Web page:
The Chelsea City Council passed a unique pilot program by a vote of 8-2 on Monday night that would allow qualifying students at Chelsea High an opportunity to finish their Associate’s Degree after high school on the City’s dime.
The program is a partnership with Bunker Hill Community College (BHCC) and was championed by City Manager Tom Ambrosino this year in his State of the City. It is seen by him and the School Department as a logical extension of the dual enrollment program at the high school that allows students there to take college level courses at BHCC.
The problem with the program in Chelsea, Ambrosino and others said, is that many students after graduation don’t have the financial resources to continue on and finish the Associate’s Degree they have been working towards.
The pilot program would use $150,000 in the first year, and would be open to students who have completed 12 credits while still in high school within the dual enrollment program. They also must remain Chelsea residents while receiving the benefit.
If a student applies for and gets a Pell Grant, BHCC will provide a subsidy as well and will waive tuition for the student as part of their end of the bargain.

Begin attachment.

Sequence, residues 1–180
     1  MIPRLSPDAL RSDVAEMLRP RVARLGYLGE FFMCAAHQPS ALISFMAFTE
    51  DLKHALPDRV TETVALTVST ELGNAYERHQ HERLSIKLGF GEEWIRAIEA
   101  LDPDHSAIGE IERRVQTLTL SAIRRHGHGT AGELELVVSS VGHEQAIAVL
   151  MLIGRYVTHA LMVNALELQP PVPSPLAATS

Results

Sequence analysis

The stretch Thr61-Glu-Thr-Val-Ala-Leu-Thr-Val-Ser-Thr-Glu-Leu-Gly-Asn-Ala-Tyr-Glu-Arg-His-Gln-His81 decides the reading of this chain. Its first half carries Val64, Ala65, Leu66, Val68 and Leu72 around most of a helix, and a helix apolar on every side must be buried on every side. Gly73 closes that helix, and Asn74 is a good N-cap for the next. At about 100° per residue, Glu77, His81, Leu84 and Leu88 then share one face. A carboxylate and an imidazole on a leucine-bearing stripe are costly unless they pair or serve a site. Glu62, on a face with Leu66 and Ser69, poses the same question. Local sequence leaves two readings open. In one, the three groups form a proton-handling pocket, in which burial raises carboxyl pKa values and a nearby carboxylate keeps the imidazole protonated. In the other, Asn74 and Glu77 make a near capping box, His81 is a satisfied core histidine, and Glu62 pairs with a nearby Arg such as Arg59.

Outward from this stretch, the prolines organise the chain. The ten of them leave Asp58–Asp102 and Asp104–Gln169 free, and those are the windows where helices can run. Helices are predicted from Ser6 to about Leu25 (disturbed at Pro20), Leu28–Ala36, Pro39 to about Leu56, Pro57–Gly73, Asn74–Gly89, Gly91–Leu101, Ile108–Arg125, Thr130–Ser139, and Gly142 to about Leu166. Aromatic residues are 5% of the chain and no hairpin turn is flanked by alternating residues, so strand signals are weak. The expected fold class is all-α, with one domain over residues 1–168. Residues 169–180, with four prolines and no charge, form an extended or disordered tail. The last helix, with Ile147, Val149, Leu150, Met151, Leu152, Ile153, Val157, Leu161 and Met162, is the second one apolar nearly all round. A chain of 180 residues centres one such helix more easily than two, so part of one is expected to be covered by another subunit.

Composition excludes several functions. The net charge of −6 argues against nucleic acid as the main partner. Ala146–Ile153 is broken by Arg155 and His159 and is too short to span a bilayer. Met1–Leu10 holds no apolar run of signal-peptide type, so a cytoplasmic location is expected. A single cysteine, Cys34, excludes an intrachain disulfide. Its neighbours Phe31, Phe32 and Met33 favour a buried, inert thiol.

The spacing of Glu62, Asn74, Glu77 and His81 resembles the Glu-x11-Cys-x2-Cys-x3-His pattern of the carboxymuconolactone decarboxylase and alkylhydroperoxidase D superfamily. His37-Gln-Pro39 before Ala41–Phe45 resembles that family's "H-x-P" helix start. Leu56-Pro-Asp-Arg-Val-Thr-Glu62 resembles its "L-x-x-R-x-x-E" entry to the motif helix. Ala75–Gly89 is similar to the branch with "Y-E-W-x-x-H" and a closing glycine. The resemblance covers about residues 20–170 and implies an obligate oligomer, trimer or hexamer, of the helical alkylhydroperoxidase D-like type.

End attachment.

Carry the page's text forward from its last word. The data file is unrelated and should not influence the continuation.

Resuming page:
“I had concerns at first, but I did some digging and it’s a good program,” said Councillor Leo Robinson. “I will be supporting this.”
“Many of the students in dual enrollment can’t complete their degree by the time they graduate high school, and they just don’t have the resources to complete it afterward,” said Council President Damali Vidot. “I think now is a great time to invest in our young people.”
But not everyone was on board, and some who voted for it had concerns as well.
Councillor Luis Tejada ended up voting for the matter, but said he was challenged by it.
“My challenge is with the money going to just Bunker Hill,” he said. “What I have a bigger problem with is you take care of your household first before you take care of your extended family. If you take care of everyone else before your household, you will tank…We have a $3 million deficit in our school system and Free Cash should be devoted to that first…If there is excess cash, maybe it should be devoted to the public schools.”
The chief detractor, however, was Councillor Bob Bishop, chair of the Finance Committee. Bishop said it’s a good program, but shouldn’t be funded by the taxpayers.
“To me, it’s a big problem because we’re using taxpayer money on something we’re not required to spend it on,” he said.
“This $150,000 is a pilot program and next year it could possibly be a lot more money,” he said. “I don’t understand how we can get involved in the business of paying for college for a select few…I suspect this is a misuse of taxpayer dollars. This is $150,000, but it will be $500,000.”
Councillor Giovanni Recupero agreed with Bishop, saying it should be funded by private money and not taxpayer dollars.
Councillor Roy Avellaneda said it was about investing in the future of students in the modern era.
“The school education system we have is outdated,” he said. “Everyone knows you need more than a 12th grade education in this economy. You need advanced courses beyond high school. As a City, we have to prepare them. It only makes sense to prepare them for today. Unlike 30 or 40 years ago, a college education is required for that.”